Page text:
Partner Series
Julia Louis-Dreyfus' Diagnosis: Breast Cancer By the Numbers
Julia Louis-Dreyfus at the Golden Globe Awards in Beverly Hills, California, in January 2017.
Credit: Valerie Macon/AFP/Getty

Actress Julia Louis-Dreyfus announced today (Sept. 28) on Twitter that she has breast cancer.

The Emmy-winning star of "Veep" tweeted an image of a note that read, in part, "1 in 8 women get breast cancer. Today, I'm the one." Louis-Dreyfus did not say what stage of the disease she was diagnosed with.

Here's a look at breast cancer by the numbers. [10 Do's and Don’ts to Reduce Your Risk of Cancer]

252,710: The estimated number of women in the U.S. who will be diagnosed with invasive breast cancer this year, according to the American Society for Clinical Oncology (ASCO). "Invasive" breast cancer refers to cancer that has spread from the milk ducts or lobules (milk-producing glands) in the breast to other breast tissue. (The ducts are the tubes that carry milk from the lobules to the nipple.)

63,410: The estimated number of women in the U.S. who will be diagnosed with noninvasive, or "in-situ," breast cancer this year, according to the ASCO. This refers to breast cancer that is found only in the milk ducts or lobules.

2,470: The estimated number of men in the U.S. who will be diagnosed with breast cancer this year, the ASCO says.

41,070: The estimated number of women and men who will die from the disease this year, according to the ASCO. (Women will account for 40,610 of these deaths.)

62: The median age of breast cancer diagnosis for women in the U.S., according to the Susan G. Komen Foundation. That means 50 percent of women will be diagnosed before 62, and 50 percent after. A woman's risk of breast cancer increases with age.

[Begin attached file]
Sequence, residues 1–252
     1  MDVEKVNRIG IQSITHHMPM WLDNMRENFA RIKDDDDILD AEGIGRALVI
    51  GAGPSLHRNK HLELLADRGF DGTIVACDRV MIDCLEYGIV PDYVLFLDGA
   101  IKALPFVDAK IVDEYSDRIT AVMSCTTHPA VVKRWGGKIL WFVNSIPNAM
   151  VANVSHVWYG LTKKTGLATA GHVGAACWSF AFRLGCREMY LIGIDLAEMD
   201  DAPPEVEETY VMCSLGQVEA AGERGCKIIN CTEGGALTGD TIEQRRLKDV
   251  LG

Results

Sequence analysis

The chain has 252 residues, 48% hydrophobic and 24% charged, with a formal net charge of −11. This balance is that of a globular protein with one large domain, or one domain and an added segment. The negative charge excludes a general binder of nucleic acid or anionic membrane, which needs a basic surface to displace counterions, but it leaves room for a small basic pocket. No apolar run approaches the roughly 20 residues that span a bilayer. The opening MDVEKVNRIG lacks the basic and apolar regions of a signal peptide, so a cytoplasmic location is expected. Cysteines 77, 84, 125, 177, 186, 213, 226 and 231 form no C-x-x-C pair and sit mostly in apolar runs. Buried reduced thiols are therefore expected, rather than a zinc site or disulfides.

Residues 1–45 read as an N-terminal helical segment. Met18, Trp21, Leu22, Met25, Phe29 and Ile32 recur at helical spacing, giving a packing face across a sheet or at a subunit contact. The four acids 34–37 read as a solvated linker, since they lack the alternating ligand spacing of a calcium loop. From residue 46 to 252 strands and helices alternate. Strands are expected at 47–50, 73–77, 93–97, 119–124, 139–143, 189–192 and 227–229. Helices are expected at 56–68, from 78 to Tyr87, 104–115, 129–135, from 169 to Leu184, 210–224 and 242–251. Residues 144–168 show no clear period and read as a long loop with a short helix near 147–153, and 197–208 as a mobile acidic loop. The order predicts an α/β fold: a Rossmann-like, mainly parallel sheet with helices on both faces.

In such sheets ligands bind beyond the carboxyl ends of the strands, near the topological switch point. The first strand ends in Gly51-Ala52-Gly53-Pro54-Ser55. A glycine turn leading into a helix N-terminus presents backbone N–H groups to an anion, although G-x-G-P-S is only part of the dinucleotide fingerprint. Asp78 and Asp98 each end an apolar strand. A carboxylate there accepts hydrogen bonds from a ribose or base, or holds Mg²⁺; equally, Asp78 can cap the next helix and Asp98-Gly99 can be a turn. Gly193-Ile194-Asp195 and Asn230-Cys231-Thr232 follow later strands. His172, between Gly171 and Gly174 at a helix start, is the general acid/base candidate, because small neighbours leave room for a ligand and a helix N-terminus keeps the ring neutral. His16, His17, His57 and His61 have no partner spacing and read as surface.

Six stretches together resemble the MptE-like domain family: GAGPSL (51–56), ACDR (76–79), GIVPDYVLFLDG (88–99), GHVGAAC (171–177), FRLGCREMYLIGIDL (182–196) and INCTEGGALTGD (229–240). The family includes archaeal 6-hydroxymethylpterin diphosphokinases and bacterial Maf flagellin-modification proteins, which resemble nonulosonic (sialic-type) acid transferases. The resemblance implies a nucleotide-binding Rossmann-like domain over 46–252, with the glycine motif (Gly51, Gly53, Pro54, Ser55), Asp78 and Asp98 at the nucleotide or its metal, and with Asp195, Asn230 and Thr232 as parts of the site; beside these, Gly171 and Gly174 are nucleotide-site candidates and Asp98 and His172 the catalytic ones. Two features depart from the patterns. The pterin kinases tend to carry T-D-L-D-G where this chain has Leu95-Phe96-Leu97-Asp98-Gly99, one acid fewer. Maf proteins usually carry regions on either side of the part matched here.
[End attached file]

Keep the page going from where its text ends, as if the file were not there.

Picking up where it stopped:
90 percent: The average five-year survival rate for people diagnosed with breast cancer, according to the ASCO. The five-year survival rate refers to the percentage of people who live at least five years after the cancer is diagnosed.

83 percent: The average 10-year survival rate.

Close to 100 percent: The five-year survival rate for women who are diagnosed with stage 0 or stage 1 breast cancer, according to the American Cancer Society (ACS). Stage 0 breast cancer refers to what doctors sometimes call "pre-cancer," and it means that the cancer cells haven't spread beyond the ducts of the breast. Stage 1 breast cancer refers to cancer that is found only in the breast and hasn't spread to nearby lymph nodes. (Stage 2 and stage 3 breast cancers are those that have spread to lymph nodes.)

5 percent: The percentage of women whose cancer has already spread to other parts of the body when their breast cancer is first discovered. This is stage 4 breast cancer, or metastatic cancer. The five-year survival rate for stage 4 breast cancer is 22 percent, according to the ACS.

More than 3.1 million: The number of women in the U.S. who are living with breast cancer or have completed treatment for it, according to ASC.

2nd most common: Breast cancer is the second leading cause of death from cancer for women in the U.S., after lung cancer, the ASCO says.

Originally published on Live Science.